The firestorm was far greater in 1985, when the festival scheduled a premiere of “Hail Mary,” a movie by Jean-Luc Godard that imagined the Virgin Mary as a modern-day young woman who worked at a gas station. Greater than 5,000 protesters, some toting candles, turned out on the screening, in response to an essay by the philosopher Stanley Cavell within the 1993 anthology “Jean-Luc Godard’s Hail Mary: Women and the Sacred in Film.” The rector of a seminary in Connecticut warned, “When the bombs fall on Manhattan, one will especially fall on the cinema where this film is being shown.”
“The film shouldn’t be anti-Catholic,” Mr. Cavell quoted Ms. Koch as saying. “We don’t mean to offend — definitely that was not our intent — but we feel strongly that art needs to be respected as art.”
Picketers again swarmed Lincoln Center for the festival’s premiere of “The Last Temptation of Christ,” Martin Scorsese’s 1988 film portraying Jesus as a person caught in a struggle between the earthly and the divine.
Joanne Rose Obermaier was born on Oct. 7, 1929, in Brooklyn, the one child of John Obermaier, an electrical engineer, and Blanche (Ashman) Obermaier, a professor of elementary education at Latest York University. As a young person at Midwood High School, she “used to sneak into the Loew’s Kings movie show on Flatbush Avenue through a side door for matinees,” Ms. Godbout, her daughter, said.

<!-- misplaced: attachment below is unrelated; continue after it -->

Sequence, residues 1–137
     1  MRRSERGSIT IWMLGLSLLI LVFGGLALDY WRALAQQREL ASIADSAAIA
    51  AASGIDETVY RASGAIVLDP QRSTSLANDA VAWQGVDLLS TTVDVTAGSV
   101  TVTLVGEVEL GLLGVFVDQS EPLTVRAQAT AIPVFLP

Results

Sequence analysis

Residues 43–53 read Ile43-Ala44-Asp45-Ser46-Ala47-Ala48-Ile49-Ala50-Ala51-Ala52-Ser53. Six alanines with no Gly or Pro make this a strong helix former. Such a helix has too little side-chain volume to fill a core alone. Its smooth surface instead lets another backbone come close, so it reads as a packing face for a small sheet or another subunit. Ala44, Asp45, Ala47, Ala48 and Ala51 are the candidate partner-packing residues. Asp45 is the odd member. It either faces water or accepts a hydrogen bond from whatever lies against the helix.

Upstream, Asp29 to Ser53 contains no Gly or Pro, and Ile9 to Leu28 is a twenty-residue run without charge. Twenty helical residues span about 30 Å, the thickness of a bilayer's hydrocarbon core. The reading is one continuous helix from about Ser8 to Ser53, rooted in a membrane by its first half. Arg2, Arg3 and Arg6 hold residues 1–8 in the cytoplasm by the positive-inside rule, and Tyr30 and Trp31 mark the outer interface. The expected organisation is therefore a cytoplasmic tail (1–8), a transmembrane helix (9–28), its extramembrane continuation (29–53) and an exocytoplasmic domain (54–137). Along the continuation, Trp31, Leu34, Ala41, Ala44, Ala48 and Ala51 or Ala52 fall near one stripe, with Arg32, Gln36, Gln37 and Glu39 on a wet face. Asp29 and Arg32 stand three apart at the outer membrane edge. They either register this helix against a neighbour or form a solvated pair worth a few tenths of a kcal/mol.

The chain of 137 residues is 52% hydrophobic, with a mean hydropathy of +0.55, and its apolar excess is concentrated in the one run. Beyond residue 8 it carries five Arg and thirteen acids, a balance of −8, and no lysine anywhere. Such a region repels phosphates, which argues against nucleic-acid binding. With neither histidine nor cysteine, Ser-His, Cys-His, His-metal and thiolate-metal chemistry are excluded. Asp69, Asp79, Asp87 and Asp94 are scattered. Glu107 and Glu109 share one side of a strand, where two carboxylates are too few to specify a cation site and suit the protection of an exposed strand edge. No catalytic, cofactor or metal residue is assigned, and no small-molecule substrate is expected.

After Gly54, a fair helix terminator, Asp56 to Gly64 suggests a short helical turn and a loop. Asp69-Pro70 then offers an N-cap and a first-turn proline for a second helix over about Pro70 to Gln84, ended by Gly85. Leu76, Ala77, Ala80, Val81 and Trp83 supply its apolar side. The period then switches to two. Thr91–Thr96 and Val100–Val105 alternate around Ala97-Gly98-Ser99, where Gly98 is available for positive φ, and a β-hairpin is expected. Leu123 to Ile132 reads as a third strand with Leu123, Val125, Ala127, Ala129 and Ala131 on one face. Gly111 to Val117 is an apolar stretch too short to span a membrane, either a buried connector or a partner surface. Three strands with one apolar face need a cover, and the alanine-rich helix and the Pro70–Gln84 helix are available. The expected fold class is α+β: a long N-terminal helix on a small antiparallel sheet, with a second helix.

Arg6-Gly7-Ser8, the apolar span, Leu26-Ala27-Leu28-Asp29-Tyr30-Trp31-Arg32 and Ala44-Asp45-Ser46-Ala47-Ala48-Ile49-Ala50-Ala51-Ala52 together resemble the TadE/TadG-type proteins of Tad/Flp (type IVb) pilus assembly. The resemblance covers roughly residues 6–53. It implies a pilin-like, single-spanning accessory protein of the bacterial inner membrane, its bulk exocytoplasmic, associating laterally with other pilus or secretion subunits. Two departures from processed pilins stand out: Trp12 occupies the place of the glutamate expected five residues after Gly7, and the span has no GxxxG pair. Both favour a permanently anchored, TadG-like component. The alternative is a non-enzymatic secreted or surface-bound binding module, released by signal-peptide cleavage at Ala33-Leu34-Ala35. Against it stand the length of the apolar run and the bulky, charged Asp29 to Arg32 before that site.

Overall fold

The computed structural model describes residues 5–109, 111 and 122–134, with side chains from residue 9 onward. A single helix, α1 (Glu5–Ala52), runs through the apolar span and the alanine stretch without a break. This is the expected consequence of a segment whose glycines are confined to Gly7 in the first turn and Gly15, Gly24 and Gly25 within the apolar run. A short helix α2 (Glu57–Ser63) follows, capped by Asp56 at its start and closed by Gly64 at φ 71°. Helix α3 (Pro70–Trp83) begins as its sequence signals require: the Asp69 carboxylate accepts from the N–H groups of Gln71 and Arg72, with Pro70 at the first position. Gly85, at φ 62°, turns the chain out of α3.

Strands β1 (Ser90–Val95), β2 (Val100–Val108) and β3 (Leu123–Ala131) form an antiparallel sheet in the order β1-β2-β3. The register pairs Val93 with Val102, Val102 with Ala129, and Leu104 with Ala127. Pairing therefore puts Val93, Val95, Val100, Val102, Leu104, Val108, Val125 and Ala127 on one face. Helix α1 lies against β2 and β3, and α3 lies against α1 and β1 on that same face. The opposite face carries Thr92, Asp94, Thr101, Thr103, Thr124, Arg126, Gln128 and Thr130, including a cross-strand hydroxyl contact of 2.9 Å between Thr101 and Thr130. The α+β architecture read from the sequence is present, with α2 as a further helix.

She graduated from Goddard College in Plainfield, Vt., with a level in political science, and in 1950 she took a job within the film department of the Museum of Modern Art in Manhattan, eventually becoming a technical director working on film preservation.
In 1949 she married Oscar A. Godbout, a journalist who covered Hollywood for The Latest York Times within the Fifties and later wrote concerning the outdoors because the newspaper’s “Wood, Field, and Stream” columnist. The couple divorced in 1967, and later that 12 months she married Richard A. Koch, the director of administration for MoMA.
Mr. Koch died in 2009. Along with her daughter, she is survived by three stepsons, Stephen Jeremy and Chapin Koch, and two grandsons.
In 1971, Ms. Koch took a job on the Lincoln Center Film Society, where she ran a program called “Movies within the Parks.” She ascended to the society’s top post six years later.
Not all her battles there amounted to artistic crusades. In 1987 she found herself embroiled in a distinct form of controversy when she and Alfred Stern, the society’s president, were reported to have led a campaign to oust Richard Roud, a respected cinephile and the longtime director of the festival, in a dispute that erupted after Ms. Koch overruled the festival’s selection committee to incorporate two movies by Federico Fellini.
“I believe Joanne wanted more power,” David Denby, then the film critic for Latest York magazine and a member of the choice committee, was quoted as saying in The Times. “It became obvious this summer when she began strong-arming the committee on the selections.”
Ms. Koch told The Times that the move “had nothing to do with film selection,” but fairly involved longstanding administrative differences.
Even so, it was a difficult chapter. “It was horrible,” Ms. Koch recalled in a 1992 oral history. “I used to be placed on the duvet of The Village Voice as ‘The Terminator.’”
But she was unrepentant. “It really did change the way in which I have a look at myself professionally,” she said. “Realistically, I’m not such a pleasant person on a regular basis. You may’t be, in this type of a job.”